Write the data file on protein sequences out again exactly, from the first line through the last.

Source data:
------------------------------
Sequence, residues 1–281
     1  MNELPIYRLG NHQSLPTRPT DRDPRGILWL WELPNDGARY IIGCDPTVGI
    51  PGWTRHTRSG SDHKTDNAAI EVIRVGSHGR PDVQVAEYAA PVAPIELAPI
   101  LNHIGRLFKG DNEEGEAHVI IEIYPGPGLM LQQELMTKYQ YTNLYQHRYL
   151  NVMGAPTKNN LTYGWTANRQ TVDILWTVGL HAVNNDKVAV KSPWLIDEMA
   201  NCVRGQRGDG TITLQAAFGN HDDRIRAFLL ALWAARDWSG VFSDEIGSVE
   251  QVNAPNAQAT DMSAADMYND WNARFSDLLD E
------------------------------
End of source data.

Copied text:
Sequence, residues 1–281
     1  MNELPIYRLG NHQSLPTRPT DRDPRGILWL WELPNDGARY IIGCDPTVGI
    51  PGWTRHTRSG SDHKTDNAAI EVIRVGSHGR PDVQVAEYAA PVAPIELAPI
   101  LNHIGRLFKG DNEEGEAHVI IEIYPGPGLM LQQELMTKYQ YTNLYQHRYL
   151  NVMGAPTKNN LTYGWTANRQ TVDILWTVGL HAVNNDKVAV KSPWLIDEMA
   201  NCVRGQRGDG TITLQAAFGN HDDRIRAFLL ALWAARDWSG VFSDEIGSVE
   251  QVNAPNAQAT DMSAADMYND WNARFSDLLD E